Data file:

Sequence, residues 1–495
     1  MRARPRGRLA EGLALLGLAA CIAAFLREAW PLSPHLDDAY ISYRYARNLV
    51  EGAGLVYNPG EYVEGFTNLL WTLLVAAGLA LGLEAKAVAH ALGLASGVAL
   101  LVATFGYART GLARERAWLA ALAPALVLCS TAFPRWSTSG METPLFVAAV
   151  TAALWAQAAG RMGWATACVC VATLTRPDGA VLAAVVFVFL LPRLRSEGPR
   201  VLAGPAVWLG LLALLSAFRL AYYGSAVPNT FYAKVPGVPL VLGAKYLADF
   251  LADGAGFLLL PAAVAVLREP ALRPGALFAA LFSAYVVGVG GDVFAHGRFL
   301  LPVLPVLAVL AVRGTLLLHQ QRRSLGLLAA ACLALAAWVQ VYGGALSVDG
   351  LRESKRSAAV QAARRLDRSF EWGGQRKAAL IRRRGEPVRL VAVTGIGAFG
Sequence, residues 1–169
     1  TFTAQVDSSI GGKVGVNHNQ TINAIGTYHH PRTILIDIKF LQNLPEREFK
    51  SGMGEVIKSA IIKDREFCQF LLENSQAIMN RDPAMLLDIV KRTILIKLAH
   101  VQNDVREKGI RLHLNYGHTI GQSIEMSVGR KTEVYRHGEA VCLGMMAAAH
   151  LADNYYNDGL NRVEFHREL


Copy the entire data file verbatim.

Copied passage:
Sequence, residues 1–495
     1  MRARPRGRLA EGLALLGLAA CIAAFLREAW PLSPHLDDAY ISYRYARNLV
    51  EGAGLVYNPG EYVEGFTNLL WTLLVAAGLA LGLEAKAVAH ALGLASGVAL
   101  LVATFGYART GLARERAWLA ALAPALVLCS TAFPRWSTSG METPLFVAAV
   151  TAALWAQAAG RMGWATACVC VATLTRPDGA VLAAVVFVFL LPRLRSEGPR
   201  VLAGPAVWLG LLALLSAFRL AYYGSAVPNT FYAKVPGVPL VLGAKYLADF
   251  LADGAGFLLL PAAVAVLREP ALRPGALFAA LFSAYVVGVG GDVFAHGRFL
   301  LPVLPVLAVL AVRGTLLLHQ QRRSLGLLAA ACLALAAWVQ VYGGALSVDG
   351  LRESKRSAAV QAARRLDRSF EWGGQRKAAL IRRRGEPVRL VAVTGIGAFG
Sequence, residues 1–169
     1  TFTAQVDSSI GGKVGVNHNQ TINAIGTYHH PRTILIDIKF LQNLPEREFK
    51  SGMGEVIKSA IIKDREFCQF LLENSQAIMN RDPAMLLDIV KRTILIKLAH
   101  VQNDVREKGI RLHLNYGHTI GQSIEMSVGR KTEVYRHGEA VCLGMMAAAH
   151  LADNYYNDGL NRVEFHREL